Java has good commercial support from big players (IBM, Oracle, Sun)
I've made a good living since I picked it up as a skill.
Even if you aren't a Java developer, if you are a web developer, you have at least heard of the Struts framework. It seems like a new Java framework is born as often as a topic gets rejected on/. Despite that, Struts has remained extremely popular. The 1.x series of Struts was a difficult framework to learn and heavily constrained developers to following it's notion of MVC. Even with its drawbacks, Struts has remained the most popular framework. Since the inception of Struts, programming web-apps has changed quite a bit. Many of the drawbacks of Struts have led to the creation of many competing open source MVC implementations. One of the competitors was a little project called WebWork from opensymphony. Anyone who has used WebWork/XWork can tell you that it is architecturally solid and quite easy to pick up. At some point, the Struts devs hooked up with the WebWork devs and they decided to merge for the next iteration of Struts. This led to Struts 2 being released. Struts 2 has moved along quite nicely and gained some popularity, but a lack of documentation and the expectation that it would be similar to Struts 1 has led to quite a bit of confusion for developers.
Struts 2 In Action from Manning attempts to fill in the blanks as both an introduction to Struts 2 and a partial reference. Struts 2 is a comprehensive framework that provides a lot of functionality, so it would be impossible for a single volume to thoroughly cover all aspects of Struts 2 development. If you are looking for a reference on Struts 2 AJAX tags, this book will not work. If you are working with Struts 2 on a regular basis or are curious about adopting it for a future project this book is definitely a good fit.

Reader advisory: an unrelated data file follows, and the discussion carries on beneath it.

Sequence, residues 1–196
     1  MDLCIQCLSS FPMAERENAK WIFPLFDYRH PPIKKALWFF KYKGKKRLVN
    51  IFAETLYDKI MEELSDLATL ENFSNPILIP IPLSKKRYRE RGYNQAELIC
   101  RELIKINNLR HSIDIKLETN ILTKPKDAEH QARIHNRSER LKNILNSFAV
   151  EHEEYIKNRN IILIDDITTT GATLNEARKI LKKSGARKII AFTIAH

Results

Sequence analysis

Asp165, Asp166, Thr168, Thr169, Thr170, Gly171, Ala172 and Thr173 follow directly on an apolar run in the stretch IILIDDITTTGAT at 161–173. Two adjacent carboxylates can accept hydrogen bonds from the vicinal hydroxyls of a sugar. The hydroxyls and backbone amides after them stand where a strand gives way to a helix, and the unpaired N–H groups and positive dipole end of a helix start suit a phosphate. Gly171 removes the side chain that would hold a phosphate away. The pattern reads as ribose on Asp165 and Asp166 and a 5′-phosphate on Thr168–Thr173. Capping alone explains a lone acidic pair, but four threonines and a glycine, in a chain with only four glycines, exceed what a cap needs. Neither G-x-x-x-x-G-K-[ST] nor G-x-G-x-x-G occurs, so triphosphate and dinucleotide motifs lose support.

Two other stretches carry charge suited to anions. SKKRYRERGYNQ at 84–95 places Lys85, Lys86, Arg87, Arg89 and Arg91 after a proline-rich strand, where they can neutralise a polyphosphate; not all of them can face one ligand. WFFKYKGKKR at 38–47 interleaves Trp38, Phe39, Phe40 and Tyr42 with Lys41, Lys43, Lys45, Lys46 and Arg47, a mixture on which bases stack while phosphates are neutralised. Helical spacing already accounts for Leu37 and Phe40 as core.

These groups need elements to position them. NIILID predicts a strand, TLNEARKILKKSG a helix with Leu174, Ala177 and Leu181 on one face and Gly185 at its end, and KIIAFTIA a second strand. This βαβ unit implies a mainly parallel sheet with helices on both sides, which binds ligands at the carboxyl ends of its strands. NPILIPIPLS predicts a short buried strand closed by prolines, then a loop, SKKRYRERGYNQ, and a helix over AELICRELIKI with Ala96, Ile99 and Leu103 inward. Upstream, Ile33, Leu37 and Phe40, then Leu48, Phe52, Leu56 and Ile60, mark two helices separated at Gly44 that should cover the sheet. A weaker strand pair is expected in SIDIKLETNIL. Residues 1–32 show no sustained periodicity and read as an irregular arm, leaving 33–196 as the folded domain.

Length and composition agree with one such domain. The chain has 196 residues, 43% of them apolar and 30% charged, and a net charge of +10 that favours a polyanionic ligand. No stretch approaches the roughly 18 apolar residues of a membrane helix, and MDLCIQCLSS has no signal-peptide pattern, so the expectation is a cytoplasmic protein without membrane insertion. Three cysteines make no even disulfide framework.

Struts 2 In Action walks developers through many common use-cases where Struts 2 will help. The example content and easy-to-read text make the book readable from cover-to-cover. This book will work for many levels of reader. Due to the lack of online documentation on certain topics, experienced Struts 2 developers will likely find clarification on topics like OGNL, new developers will find a thorough introduction that will lead to productive development. The authors did a very good job of creating creating examples that covered the material. This is a bit of a difficult task considering the size of the framework, but I was very impressed with each chapter. Each chapter could nearly stand alone because the authors were able to cover the topic without delving too far into side topics.
All-in-all, this is a good book, and likely to be the only book necessary if your goal is to learn to use Struts 2 or hone your skills on Struts 2. Although I hate book reviews that fill space by telling you what's in the book, Amazon doesn't have a Table of Contents, so I feel a bit obligated to say what's covered. The book is broken into 5 main parts — Part 1 is a quick introduction into JSP development and a small Struts 2 example. Part 2 covers core components, writing actions, using and configuring interceptors, type conversion and OGNL. Part 3 moves into the View of the MVC, it covers results and tags. Part 4 covers more advanced topics — Spring/Hibernate integration, input validation and i18n. Part 5 wraps it up with struts 2 plugins, best practices, and migration from Struts 1.